Here is a round-up of the latest news in the world of accessible travel and disability, including new accessible cabins at Yosemite National Park, a hunting event for wheelchair users, a new advisory committee on accessibility at the DOT, a new way to get around Disney and more.

Accessible travel news from around the web:

  • Delta Refuses to Follow DOT Guidance — In guidance issued to airlines in August, the DOT informed airlines that “dogs as a species are accepted for transport” as service animals, and that Delta’s refusal to allow pit bull-type dogs aboard was a violation of the Air Carrier Access Act. Delta has doubled-down, stating in a press release that it will maintain its ban on pit bulls. Airlines like Delta have long violated the ACAA, but to do so in such a public manner demands that the DOT levy enforcement action. The fines should be retroactive to the date Delta first announced its policy, which violates the civil rights of some air travelers with disabilities.
  • Accessible Cabins at Yosemite National Park — One of the most hip places to stay on a Yosemite adventure is AutoCamp Yosemite, a unique lodging experience that allows guests to sleep in custom Airstream camping trailers. The problem? They aren’t accessible. To compensate and create an inclusive resort, Autocamp Yosemite has announced new, wheelchair accessible cabins with roll-in showers, grab bars, level entry and other accessibility features!
  • Man organizes hunting event for wheelchair users — Clint Robinson, who has used a wheelchair for more than 30 years, created an event for wheelchair users to experience the thrill of hunting and being outdoors. His “Wheelchairs in the Wild” event pairs disabled people with able-bodied hunters who can assist them during the pheasant hunt.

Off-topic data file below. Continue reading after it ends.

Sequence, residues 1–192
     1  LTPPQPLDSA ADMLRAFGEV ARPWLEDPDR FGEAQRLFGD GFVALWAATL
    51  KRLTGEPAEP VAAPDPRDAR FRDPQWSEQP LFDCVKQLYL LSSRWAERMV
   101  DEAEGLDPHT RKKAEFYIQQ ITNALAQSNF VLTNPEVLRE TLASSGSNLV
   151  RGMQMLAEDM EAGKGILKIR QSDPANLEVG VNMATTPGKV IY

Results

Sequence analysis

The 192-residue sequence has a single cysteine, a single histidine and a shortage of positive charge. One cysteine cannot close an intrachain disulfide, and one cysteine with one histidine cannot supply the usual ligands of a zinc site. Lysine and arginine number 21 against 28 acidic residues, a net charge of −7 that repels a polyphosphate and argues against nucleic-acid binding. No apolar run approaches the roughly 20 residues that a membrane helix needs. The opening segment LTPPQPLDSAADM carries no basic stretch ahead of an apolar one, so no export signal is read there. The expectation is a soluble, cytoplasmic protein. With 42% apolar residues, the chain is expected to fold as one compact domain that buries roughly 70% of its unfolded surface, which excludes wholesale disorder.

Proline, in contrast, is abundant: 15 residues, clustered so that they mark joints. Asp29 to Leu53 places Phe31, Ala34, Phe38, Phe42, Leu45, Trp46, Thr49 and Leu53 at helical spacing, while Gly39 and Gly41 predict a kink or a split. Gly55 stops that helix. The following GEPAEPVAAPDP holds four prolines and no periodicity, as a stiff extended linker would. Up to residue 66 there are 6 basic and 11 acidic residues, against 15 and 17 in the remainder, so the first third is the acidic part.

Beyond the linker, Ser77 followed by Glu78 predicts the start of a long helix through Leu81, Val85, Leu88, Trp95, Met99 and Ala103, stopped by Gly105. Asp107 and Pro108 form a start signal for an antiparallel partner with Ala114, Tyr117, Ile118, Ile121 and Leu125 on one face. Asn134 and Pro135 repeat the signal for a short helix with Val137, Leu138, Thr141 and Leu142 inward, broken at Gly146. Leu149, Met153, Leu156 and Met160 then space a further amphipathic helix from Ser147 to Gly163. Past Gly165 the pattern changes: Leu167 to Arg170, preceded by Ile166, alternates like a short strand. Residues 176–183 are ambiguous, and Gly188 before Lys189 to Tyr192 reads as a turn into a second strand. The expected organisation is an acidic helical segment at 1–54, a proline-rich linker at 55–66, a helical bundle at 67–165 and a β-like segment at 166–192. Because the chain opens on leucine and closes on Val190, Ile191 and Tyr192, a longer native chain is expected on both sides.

Disney Skyliner gondola.
Disney Skyliner gondola. | Photo courtesy Disney.
  • Wheelchair accessible cable car connects resorts to Disney Parks — Disney’s newest ride is a cable car with wheelchair accessible gondolas called the Disney Skyliner. The Skyliner connects the Epcot and Hollywood Studios theme parks with Disney’s Art of Animation, Disney’s Caribbean Beach, Disney’s Pop Century and Disney’s Riviera Resorts. The cable car opened September 29th and offers new views of Disney’s Orlando campus and a convenient accessible transportation option to guests.
  • DOT Announces Air Carrier Access Act Advisory Committee — I wasn’t invited to participate, and the committee’s membership is short on disabled people (no surprise), but there are some strong advocates for accessibility and inclusion represented. I am hopeful that the committee can make a difference, and won’t cede authority to the airlines and airport operators. The ACAA is stuck in the 1980s and must catch up to regulate accessibility in air travel for the 21st century.
AAW Trackchair in wooded area.
AAW Trackchair in wooded area. | Photo courtesy Mike De Sisti/Milwaukee Journal Sentinel.
  • Organization Rents All-terrain Trackchairs in Wisconsin — Access Ability Wisconsin (AAW) has 15 all-terrain outdoor wheelchairs from Action Trackchair, which it has placed in strategic locations throughout the State of Wisconsin. With a $50 deposit, disabled people can rent a chair to take out for a few hours or a few days, and they can transport it to locations of their choice using one of AAW’s 12 transport trailers. For more information, visit
  • Long-delayed Albuquerque BRT system gets first buses — In cities without the resources to support subway systems or trams, BRT can be a good option. Albuquerque, New Mexico applies for federal funding to build such a system, but construction issues and defects with its buses has led to multiple delays and a waning of public support for the project. That may change, now that the city’s first true BRT-equipped buses were unveiled to the public. The system is expected to be operational “this winter,” but winter doesn’t end until March.

Check back often for the latest roundup of accessible travel news. Be sure to follow me on Facebook and Twitter to stay in the know!

Featured image courtesy M-Rad.

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